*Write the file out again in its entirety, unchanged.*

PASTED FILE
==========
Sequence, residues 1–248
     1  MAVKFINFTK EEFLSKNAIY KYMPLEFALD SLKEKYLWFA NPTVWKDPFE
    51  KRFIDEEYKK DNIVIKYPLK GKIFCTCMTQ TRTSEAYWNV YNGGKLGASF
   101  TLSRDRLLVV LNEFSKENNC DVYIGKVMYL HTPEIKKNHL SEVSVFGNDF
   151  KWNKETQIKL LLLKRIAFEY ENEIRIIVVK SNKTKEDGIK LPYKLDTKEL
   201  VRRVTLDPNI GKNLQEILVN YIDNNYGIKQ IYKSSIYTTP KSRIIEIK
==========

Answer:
Sequence, residues 1–248
     1  MAVKFINFTK EEFLSKNAIY KYMPLEFALD SLKEKYLWFA NPTVWKDPFE
    51  KRFIDEEYKK DNIVIKYPLK GKIFCTCMTQ TRTSEAYWNV YNGGKLGASF
   101  TLSRDRLLVV LNEFSKENNC DVYIGKVMYL HTPEIKKNHL SEVSVFGNDF
   151  KWNKETQIKL LLLKRIAFEY ENEIRIIVVK SNKTKEDGIK LPYKLDTKEL
   201  VRRVTLDPNI GKNLQEILVN YIDNNYGIKQ IYKSSIYTTP KSRIIEIK